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Policy brief

The demise of the INF Treaty: What are the consequences for NATO

Drawing on their experience of working at NATO, Senior Associate Fellows Nicholas Williams and Simon Lunn explore parallels in the debate between the 1979 Dual Track decision and the current situation.

11 February 2019 | Simon Lunn and Nicholas Williams
Global Security|Conventional Arms Control|Defence|Deterrence|Europe|NATO|Nuclear Arms Control|Nuclear Disarmament|Nuclear Security|Risk Reduction|Russia-West Relations|Security|Transatlantic relations
Commentary

European options amidst the INF clash of the titans

The culmination of the yearlong INF drama, beset with mutual accusations, now places Europeans under enormous pressure to address the ensuing security challenges.

6 February 2019 | Katarzyna Kubiak
Euro-Atlantic Security|Arms Control|Defence|Deterrence|Germany|INF|NATO|Nuclear Arms Control|Nuclear Disarmament|Nuclear Weapons|Poland|Russia|Russia-West Relations|Security|Transatlantic relations|United States|ELN
Media coverage

ELN Chair, Lord Browne of Ladyton featured in The Independent

ELN Chair and founder writes on the importance of proper crisis management in preventing an unintended nuclear catastrophe.

13 November 2018
Global Security|Nuclear Arms Control|Nuclear Disarmament|Nuclear Security|Nuclear Weapons|Risk Reduction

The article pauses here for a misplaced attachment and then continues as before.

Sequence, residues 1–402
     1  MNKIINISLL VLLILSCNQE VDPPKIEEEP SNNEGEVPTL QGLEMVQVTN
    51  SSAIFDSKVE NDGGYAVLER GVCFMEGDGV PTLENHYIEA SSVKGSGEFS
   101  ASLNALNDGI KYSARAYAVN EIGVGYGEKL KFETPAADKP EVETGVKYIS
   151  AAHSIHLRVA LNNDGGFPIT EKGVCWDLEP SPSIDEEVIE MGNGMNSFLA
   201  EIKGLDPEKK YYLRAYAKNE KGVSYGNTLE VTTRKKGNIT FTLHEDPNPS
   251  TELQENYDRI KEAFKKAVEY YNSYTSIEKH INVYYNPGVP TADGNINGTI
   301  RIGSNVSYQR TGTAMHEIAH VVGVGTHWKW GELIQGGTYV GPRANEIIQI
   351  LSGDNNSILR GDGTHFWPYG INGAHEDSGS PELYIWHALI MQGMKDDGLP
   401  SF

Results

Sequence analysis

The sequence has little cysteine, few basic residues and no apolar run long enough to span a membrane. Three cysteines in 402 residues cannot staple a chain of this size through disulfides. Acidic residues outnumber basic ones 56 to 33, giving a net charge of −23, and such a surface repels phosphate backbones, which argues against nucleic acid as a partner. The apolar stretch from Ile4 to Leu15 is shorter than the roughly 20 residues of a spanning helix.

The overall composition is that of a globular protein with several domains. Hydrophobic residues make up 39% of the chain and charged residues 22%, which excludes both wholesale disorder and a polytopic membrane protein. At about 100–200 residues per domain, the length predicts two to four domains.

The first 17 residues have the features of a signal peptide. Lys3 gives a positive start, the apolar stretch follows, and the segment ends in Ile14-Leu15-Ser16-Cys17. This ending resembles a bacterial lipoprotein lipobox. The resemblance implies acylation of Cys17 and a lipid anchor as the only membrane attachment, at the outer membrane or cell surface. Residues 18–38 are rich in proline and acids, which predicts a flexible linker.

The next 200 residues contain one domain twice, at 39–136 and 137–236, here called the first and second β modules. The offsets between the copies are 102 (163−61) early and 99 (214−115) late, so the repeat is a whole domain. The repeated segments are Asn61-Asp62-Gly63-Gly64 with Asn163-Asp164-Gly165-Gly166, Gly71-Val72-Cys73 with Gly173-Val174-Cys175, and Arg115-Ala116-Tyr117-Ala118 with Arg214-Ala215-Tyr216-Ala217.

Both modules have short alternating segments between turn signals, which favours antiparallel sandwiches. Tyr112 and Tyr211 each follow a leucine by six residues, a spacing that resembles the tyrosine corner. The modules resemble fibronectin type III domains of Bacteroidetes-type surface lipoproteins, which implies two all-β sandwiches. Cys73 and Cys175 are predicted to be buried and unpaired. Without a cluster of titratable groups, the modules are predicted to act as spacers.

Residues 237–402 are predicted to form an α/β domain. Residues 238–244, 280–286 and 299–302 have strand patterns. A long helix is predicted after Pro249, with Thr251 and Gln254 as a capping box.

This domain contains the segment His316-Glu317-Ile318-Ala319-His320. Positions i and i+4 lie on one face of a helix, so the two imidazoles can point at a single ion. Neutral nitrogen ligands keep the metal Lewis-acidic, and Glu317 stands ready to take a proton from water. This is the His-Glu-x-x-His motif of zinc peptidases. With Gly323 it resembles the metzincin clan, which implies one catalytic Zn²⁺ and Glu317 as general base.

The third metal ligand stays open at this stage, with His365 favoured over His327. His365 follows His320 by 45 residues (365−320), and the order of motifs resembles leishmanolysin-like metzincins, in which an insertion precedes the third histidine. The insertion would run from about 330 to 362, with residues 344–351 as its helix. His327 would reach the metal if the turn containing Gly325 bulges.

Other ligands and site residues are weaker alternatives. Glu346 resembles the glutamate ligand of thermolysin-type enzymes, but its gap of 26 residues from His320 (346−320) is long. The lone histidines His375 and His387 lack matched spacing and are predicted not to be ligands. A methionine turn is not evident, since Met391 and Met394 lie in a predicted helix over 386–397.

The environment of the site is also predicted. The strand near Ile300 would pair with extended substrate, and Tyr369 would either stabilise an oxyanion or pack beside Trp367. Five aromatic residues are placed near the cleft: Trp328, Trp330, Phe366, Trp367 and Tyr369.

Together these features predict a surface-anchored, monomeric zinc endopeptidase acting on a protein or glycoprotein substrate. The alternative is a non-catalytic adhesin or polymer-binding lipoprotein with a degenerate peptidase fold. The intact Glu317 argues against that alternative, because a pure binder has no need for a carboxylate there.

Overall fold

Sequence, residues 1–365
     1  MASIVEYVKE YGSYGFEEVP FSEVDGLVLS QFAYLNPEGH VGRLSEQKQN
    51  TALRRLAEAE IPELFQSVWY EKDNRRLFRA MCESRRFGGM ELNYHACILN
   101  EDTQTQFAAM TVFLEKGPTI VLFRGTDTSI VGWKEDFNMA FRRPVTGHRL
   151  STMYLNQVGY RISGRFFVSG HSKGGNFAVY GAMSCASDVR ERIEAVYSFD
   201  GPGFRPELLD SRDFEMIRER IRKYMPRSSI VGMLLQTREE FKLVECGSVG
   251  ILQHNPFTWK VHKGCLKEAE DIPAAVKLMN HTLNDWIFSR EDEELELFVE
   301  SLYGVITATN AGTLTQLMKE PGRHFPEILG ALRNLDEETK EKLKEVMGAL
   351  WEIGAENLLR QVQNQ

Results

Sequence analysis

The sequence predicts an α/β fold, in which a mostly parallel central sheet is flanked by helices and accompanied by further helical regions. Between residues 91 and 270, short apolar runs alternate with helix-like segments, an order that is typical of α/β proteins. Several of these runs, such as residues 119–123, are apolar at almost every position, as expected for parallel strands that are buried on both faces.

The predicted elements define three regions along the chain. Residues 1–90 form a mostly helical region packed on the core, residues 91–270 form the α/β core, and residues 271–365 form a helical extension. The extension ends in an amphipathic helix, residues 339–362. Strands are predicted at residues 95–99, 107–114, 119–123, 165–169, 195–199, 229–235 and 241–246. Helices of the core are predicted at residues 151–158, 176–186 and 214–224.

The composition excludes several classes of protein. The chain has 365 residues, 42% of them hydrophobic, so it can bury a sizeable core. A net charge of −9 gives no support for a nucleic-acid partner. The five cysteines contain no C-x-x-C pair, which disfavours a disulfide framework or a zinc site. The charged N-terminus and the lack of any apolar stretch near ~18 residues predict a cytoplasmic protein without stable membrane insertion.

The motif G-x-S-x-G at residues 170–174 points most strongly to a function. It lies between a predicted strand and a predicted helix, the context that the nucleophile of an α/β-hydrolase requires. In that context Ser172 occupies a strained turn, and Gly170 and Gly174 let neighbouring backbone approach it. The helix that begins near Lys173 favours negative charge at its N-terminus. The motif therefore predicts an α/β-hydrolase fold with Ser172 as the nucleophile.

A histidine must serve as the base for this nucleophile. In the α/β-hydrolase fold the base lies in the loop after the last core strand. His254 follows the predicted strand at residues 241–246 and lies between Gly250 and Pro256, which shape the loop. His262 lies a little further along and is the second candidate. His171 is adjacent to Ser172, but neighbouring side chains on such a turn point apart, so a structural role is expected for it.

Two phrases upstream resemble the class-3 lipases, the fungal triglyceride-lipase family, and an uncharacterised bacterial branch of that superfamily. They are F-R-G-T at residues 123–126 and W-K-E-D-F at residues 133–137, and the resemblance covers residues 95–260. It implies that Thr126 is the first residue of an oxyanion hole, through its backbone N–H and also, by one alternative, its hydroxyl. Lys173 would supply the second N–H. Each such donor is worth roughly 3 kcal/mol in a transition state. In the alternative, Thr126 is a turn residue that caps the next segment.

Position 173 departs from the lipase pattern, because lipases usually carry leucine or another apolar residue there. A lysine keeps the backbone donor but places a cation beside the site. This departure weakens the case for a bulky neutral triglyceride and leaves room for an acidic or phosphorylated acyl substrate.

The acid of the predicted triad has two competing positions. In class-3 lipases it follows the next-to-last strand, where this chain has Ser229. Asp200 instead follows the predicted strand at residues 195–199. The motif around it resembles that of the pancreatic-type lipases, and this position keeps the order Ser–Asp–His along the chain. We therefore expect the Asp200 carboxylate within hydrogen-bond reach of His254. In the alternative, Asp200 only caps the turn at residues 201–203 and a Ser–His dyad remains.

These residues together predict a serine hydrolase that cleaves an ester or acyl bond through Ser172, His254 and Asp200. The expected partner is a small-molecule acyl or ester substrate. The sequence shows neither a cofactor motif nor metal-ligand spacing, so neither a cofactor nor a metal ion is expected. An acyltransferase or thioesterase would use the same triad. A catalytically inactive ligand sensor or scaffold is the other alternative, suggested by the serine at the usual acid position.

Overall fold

Commentary

Kill the NPT Collapse Thesis

The Nuclear Non-Proliferation Treaty (NPT) is often alleged to be at risk of “crumbling” or "damaged beyond repair”. Kjølv Egeland, Fellow at the Norwegian Academy of International Law, argues that this fear-mongering is unfounded. The NPT is one of the most widely supported international agreements that exist today. The challenge facing its supporters is not damage-limitation or “protecting what we’ve got” but extending the disarmament norm.

20 July 2018 | Kjølv Egeland
Global Security|NPT|Nuclear Disarmament|Nuclear Weapons
Policy brief

Nuclear Responsibility: A New Framework to Assess U.S. and Russian Behaviour

Dr Heather Williams, Lecturer in the Defence Studies Department at King's College London (KCL) and Amelia Morgan, Research Assistant at KCL's Centre for Science and Security Studies (CSSS) examine how the United States and Russia could become more responsible nuclear actors and strengthen the global nuclear order at a time when it is most fragile.

19 June 2018 | Heather Williams and Amelia Morgan
Euro-Atlantic Security|NPT|Nuclear Arms Control|Nuclear Disarmament|Nuclear Security|Nuclear Weapons|Risk Reduction|Russia|United States